Measurables: Every single person in your business should “have a number.” This number is considered that person’s measurable. This is something that they do to add value to the business and is measured on a daily basis.

V/TO (Vision/Traction Organiser): The V/TO is a simple two-page document that helps your leadership team define, document, agree on and share the company vision.

10-Year Target: Even though it’s called a 10-year target, this is a long-range goal ranging from five to twenty years. It should be a large, energising goal for the organisation.

Core Focus: Your Core Focus defines exactly what you do as a business. It helps you avoid distraction and “shiny-stuff” and ensures you are laser-focused on the areas where you actually excel as a business.

Core Values: Your Core Values are a set of guiding principles that define your companies culture and sets expectations as to the behavior that you expect from one another. They help you determine if people fit your culture, and will highlight the ones that don’t, and they also help you attract like-minded individuals to your team.

Marketing Strategy: A simple definition of who your ideal customer is, and how you should communicate to them. It helps provide complete clarity for your sales and marketing efforts.

3-Year Picture: You’ve already set your long term target above, using the 10-Year target concept. The 3-Year Picture puts a line in the sand for you to get to first with a definition of what your company will look like, what it’ll feel like, and what it’ll be like three years from now. It creates a powerful image of the future and ensures everybody is working together towards the same vision.

1-Year Plan: The 1-Year Plan defines your objectives for the year. Collaboratively, the leadership team will identify and crystalise the revenue target, the profit target, and measurables, and additionally your top three to seven goals for the year.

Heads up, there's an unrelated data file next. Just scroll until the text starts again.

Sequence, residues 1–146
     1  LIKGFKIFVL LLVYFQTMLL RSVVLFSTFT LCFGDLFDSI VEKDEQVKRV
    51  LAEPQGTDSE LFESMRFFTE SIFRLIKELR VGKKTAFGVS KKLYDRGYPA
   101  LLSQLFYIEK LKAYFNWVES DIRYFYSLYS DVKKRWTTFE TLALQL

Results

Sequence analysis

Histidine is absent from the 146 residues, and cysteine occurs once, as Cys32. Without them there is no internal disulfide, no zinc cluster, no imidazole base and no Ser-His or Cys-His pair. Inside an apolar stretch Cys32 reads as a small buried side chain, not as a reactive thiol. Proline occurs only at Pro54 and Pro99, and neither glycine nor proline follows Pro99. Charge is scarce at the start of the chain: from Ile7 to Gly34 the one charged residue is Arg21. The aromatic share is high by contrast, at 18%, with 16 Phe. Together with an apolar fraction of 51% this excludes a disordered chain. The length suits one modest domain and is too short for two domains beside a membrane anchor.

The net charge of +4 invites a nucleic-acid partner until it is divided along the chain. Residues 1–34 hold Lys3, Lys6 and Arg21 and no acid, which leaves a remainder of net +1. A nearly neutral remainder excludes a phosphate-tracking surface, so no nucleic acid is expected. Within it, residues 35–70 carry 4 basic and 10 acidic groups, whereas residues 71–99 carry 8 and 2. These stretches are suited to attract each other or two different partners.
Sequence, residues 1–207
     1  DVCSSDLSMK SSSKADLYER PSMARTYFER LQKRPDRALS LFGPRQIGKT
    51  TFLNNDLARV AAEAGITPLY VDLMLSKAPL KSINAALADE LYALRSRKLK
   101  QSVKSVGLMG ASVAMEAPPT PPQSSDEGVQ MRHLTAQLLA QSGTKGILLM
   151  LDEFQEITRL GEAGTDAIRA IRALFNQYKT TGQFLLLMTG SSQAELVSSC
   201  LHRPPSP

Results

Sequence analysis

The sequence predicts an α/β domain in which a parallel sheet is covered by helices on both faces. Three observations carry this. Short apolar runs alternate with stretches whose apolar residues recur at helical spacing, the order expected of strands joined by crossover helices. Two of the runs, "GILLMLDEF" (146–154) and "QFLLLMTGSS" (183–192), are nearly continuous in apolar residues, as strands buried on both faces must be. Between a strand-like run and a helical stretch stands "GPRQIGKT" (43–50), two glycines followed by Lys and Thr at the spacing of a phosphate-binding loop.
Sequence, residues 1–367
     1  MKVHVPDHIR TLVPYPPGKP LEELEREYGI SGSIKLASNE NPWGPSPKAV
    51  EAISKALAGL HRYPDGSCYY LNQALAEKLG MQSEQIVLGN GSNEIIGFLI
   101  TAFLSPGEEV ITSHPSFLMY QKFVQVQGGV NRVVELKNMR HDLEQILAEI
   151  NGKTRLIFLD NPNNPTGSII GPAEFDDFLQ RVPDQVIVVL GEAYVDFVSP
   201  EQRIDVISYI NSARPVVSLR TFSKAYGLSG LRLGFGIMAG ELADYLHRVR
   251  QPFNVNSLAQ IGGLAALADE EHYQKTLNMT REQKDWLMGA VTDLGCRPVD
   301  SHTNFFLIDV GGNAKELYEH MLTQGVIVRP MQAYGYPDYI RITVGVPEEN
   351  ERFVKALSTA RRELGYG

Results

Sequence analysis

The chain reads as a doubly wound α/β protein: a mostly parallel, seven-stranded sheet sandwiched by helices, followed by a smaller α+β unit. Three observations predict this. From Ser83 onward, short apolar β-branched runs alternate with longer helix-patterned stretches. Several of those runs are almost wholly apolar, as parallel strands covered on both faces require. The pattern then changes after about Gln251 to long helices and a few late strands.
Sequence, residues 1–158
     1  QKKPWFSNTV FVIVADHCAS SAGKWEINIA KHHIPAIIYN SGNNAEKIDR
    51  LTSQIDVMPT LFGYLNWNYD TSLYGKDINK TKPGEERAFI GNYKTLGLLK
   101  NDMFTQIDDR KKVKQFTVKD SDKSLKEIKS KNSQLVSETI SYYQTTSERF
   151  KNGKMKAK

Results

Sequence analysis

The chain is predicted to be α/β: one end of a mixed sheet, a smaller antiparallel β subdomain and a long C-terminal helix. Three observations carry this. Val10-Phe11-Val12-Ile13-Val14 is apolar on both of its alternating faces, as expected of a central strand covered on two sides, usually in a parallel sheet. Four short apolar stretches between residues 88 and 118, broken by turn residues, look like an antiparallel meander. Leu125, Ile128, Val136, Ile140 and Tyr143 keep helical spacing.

SMART: You’ve probably heard this one before – it stands for Specific, Measureable, Attainable, Realistic and Timely. With EOS, we’ll ensure that all goals and Rocks are SMART so that the team understands exactly what “done” looks like.

IDS: Alternatively known as the Issues Solving Track, IDS is a simple process used to Identify, Discuss and Solve issues on a weekly basis.

Level 10 Meetings: A weekly meeting that happens at the same time, every week, with the same agenda. It’s designed to help you stay focused on what’s actually important and help you solve issues effectively, whilst keeping your team in the loop.

People Analyzer: Utilising the Core Values and Accountability Chart, the People Analyzer helps your organisation identify if they have the Right People in the Right Seats.

Visionary: Not all businesses have a Visionary – sometimes just an Integrator but, in a scenario where you have both – a Visionary is a strategic thinker who’s great at big relationships, new ideas and the culture of your business.

Organizational Checkup: A quick, 20-question survey that helps measures your companies strength in each of the six key components.

EOS